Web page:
Like woolly socks for your brain, you almost feel warmer inside when you stare at an information radiator. There’s something about capturing the information that can bring a sense of calm. Even if the information paints a bad picture, at least it’s a picture you can see! You have reduced your known-unknowns.
Last year, our company made the move to Agile. The very word will conjure a variety of images for different people. For me, this sums it up:
But that aside, one of the pillars of Agile is about refining commitment and to do this you need to measure all the things. A vital part of understanding your throughput (or velocity) is having past information to hand. As a team I think it’s fair to say that our methods were a touch lo-Fi:
Yes, that is some scribblings on a whiteboard. However, it wasn’t the Art Attack nature of it that caused us to rethink; it was the fact that we have a cross-geo team. Short of setting up a permanent webcam a la the infamous Trojan Room coffee pot, our colleagues in India were not going to feel any the warmer for this information radiator.
Out with the old ‘n’ busted; in with the new shiny
We have now replaced Scribbles on a whiteboard with an interactive, browser-based, dashboard:
What you display is up to you, but we want to focus as a team on reducing two metrics: the number of open tickets and the number of open pull requests.
Now we have these numbers glowering at us every time we stand up from our desks on a 42” screen hanging from the ceiling. But, and just as importantly for our cross-geo colleagues, this dashboard can be accessed from anywhere on our intranet and displayed in a browser.
It’s a major win over Scribbles since it’s also quite interactive. If you hover over a section of a graph it will break down the points for you (as you can see in the bottom part of the screenshot). It’s also set up so that you can click on one of the numbers and it will take you to JIRA or Github for the open ticket numbers and pull requests respectively.
How does it all fit together?
The infrastructure for this dashboard is pretty simple. We basically have a NUC (think Raspberry Pi) running Fedora strapped to the back of a TV which runs the following:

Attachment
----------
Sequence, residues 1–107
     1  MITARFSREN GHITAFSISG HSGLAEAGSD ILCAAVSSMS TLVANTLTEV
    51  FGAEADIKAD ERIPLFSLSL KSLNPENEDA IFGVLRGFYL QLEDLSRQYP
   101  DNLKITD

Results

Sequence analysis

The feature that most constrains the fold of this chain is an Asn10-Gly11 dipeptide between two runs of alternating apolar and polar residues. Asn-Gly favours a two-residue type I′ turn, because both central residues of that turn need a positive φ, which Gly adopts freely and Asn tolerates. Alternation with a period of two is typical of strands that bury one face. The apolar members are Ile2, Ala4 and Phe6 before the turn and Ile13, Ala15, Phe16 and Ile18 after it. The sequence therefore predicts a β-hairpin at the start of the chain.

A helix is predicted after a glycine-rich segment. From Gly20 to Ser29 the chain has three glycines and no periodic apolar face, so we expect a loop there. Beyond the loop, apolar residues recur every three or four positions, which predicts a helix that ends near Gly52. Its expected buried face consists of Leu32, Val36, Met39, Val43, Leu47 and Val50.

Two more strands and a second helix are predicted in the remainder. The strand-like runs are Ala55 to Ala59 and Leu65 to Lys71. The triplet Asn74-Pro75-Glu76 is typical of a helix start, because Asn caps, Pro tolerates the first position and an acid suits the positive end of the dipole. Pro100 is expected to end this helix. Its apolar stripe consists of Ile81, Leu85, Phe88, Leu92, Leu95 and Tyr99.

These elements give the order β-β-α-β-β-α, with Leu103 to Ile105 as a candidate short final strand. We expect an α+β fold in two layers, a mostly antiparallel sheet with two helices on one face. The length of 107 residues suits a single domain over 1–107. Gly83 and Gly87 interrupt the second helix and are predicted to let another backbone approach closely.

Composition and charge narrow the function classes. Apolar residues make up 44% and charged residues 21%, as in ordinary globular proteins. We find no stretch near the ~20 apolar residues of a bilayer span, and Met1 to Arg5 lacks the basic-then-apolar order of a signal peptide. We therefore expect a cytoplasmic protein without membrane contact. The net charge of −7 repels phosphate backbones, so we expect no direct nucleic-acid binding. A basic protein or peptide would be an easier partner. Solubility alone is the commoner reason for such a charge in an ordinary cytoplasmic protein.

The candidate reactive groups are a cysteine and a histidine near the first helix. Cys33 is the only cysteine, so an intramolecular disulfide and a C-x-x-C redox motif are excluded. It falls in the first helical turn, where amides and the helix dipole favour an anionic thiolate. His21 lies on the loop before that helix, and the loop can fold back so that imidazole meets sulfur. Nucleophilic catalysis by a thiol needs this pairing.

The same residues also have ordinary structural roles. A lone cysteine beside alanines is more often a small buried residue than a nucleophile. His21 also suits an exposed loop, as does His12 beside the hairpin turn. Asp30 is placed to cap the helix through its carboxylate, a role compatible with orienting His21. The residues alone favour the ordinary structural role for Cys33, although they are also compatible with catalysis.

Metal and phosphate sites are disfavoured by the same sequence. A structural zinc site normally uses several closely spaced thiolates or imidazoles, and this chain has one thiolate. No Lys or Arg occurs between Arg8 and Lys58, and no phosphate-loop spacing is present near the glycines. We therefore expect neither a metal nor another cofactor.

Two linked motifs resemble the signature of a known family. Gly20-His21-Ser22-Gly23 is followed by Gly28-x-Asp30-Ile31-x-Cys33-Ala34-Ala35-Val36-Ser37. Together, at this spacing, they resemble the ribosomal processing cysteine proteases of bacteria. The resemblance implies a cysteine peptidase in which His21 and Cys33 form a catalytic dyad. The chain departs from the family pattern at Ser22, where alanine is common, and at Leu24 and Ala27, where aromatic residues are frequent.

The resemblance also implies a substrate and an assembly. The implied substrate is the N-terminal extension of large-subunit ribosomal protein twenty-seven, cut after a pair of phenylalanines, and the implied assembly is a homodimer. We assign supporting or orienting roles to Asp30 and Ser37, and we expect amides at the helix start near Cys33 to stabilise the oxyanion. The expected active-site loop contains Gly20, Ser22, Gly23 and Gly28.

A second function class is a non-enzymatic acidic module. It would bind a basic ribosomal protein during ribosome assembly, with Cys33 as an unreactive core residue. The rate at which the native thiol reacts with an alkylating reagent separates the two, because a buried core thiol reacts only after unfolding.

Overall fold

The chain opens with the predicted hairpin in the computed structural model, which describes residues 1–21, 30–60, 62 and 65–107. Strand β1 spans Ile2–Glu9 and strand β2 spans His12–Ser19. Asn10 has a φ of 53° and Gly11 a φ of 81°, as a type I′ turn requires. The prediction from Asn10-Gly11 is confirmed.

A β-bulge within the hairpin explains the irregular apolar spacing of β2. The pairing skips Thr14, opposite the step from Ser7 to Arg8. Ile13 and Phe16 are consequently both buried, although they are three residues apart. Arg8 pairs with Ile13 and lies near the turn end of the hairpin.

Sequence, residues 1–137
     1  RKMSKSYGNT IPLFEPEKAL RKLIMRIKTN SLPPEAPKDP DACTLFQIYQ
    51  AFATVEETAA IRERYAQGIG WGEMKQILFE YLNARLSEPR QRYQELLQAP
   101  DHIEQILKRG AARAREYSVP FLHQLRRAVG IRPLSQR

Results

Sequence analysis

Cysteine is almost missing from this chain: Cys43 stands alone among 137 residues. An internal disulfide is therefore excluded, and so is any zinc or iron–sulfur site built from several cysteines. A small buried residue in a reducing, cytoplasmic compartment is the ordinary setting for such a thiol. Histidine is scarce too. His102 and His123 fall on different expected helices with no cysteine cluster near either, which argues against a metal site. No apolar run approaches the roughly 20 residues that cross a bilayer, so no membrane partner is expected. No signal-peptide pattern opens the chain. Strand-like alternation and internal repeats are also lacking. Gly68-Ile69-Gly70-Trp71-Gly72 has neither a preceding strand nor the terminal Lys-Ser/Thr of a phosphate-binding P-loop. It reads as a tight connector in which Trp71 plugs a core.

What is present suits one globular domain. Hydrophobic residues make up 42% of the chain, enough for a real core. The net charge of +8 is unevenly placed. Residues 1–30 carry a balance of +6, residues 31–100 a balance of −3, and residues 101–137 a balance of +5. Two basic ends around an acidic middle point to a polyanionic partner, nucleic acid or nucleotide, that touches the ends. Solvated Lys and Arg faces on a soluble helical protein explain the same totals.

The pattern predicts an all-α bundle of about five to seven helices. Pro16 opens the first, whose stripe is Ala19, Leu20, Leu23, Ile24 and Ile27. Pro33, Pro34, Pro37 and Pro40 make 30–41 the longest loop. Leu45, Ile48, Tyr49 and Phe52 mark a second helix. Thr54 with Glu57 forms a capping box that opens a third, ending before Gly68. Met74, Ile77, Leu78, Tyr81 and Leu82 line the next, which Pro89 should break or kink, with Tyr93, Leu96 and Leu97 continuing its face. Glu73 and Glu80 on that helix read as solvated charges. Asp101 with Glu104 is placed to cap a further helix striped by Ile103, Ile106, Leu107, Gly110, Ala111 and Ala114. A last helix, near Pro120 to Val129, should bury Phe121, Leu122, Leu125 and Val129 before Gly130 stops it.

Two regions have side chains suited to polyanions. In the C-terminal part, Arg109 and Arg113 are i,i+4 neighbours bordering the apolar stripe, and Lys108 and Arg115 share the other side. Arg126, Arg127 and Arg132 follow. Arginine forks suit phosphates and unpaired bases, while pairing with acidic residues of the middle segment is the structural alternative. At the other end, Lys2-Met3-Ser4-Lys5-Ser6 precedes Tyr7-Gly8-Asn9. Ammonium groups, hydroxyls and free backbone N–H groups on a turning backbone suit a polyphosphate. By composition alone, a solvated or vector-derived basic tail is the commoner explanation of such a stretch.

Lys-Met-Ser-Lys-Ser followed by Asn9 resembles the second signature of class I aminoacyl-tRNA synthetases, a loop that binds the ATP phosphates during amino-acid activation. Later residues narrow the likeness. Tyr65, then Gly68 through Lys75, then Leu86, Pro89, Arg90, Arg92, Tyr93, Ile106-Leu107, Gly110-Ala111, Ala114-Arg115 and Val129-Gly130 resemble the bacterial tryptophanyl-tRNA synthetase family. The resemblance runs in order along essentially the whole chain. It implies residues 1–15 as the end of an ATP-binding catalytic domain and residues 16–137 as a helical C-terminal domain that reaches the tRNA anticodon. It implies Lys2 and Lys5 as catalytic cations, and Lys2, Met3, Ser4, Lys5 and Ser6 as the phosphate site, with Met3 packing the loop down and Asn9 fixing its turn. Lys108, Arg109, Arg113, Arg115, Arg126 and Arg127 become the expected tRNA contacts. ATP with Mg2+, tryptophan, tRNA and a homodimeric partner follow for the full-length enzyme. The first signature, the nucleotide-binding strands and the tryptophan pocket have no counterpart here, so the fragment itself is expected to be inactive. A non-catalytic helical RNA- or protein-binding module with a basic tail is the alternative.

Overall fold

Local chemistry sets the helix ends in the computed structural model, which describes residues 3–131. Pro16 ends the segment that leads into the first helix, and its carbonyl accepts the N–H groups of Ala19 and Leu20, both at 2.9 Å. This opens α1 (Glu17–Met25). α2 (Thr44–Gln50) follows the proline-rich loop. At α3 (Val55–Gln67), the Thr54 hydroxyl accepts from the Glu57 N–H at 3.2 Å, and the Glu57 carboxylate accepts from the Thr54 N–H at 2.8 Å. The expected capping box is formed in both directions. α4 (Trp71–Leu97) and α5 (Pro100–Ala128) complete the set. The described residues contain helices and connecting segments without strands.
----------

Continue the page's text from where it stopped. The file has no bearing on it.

- Some scripts to get the numbers;
- InfluxDB to store the numbers;
- Grafana to visualise the numbers in a feature-rich dashboard;
- Firefox in fullscreen mode to show the dashboard.
InfluxDB is an open-source (✓), schema-less (✓), locally-hosted (✓), time-series database. It just worked out of the box after installation. They have packages for many distributions on their download page including for Mac. For us, installation was as simple as:
$ wget https://s3.amazonaws.com/influxdb/influxdb-0.9.4.2-1.x86_64.rpm $ sudo yum localinstall influxdb-0.9.4.2-1.x86_64.rpm $ sudo chkconfig influxdb on $ sudo service influxdb start
Now we have the
influxd daemon running. We can start throwing data at it.
Here we create a separate database, but you could just as easily use the
default one. Then we just write the data we want to store—no need for
a schema, it’s more of a JFDI database:
$ /opt/influxdb/influx Connected to http://localhost:8086 version 0.9.4.1 InfluxDB shell 0.9.4.1 > CREATE database test > USE test Using database test > INSERT cpu,host=serverA,region=us_west value=0.64 > SELECT * FROM cpu name: cpu --------- time host region value 2015-10-13T14:49:15.533599835Z serverA us_west 0.64
It’s that simple. Queries are made made using InfluxQL which is straight-forward. InfluxDB’s Getting Started page is good place to start. They also draw up a comparison to SQL for those with an SQL background.
It also configures a web interface out of the box so you can make queries by
localhost:8083 in your browser and, more importantly for us, it
exposes an API over HTTP on port 8086 which we’ll use to record data from
Scripts to write to the database
Getting the data you want is up to you. Being an open-source project, one of
the things we wanted to record was the number of open pull requests to the
repositories we maintain as a team. To do this we wrote a python script
to find this information using Github’s REST API. Once we had our data
that we wanted to record it was a simple
HTTP POST to put the data into
influx_uri = "http://localhost:8086/write?db=inforad" tstamp = int(time.time()) * 10**9 try: for (repo, count) in counts.iteritems(): data = "open_pull_requests,repo=%s value=%d %d" % (repo, count, tstamp) resp = requests.post(influx_uri, data=data) data = "total_open_pull_requests value=%d" % len(pull_reqs) requests.post(influx_uri, data=data) except requests.exceptions.ConnectionError: sys.stderr.write("error: Connection to local influxdb failed") sys.exit(5)
Once Grafana is installed, there isn’t much configuration to do. By default it
binds to port 3000 but this can be changed either by changing the
/etc/grafana/grafana.ini or by forwarding all requests on port 80
to port 3000:
sudo iptables -t nat -A PREROUTING -p tcp --dport 80 -j REDIRECT --to-port 3000
Grafana supports authenticated access and is configured with basic auth out of the box. It also has support for LDAP but we wanted to disable all authentication since it is only running internally. To do this, just un-comment the option in the config file:
[auth.anonymous] # enable anonymous access -;enabled = true +enabled = true
Next you’ll need to add the local InfluxDB as a datasource from which you can query in Grafana:
Then it’s just a question of adding graphs using Grafana’s web interface. It echos the query language that you’d use in directly with InfluxDB:
And there you go… “Job’s a good’n” as they say: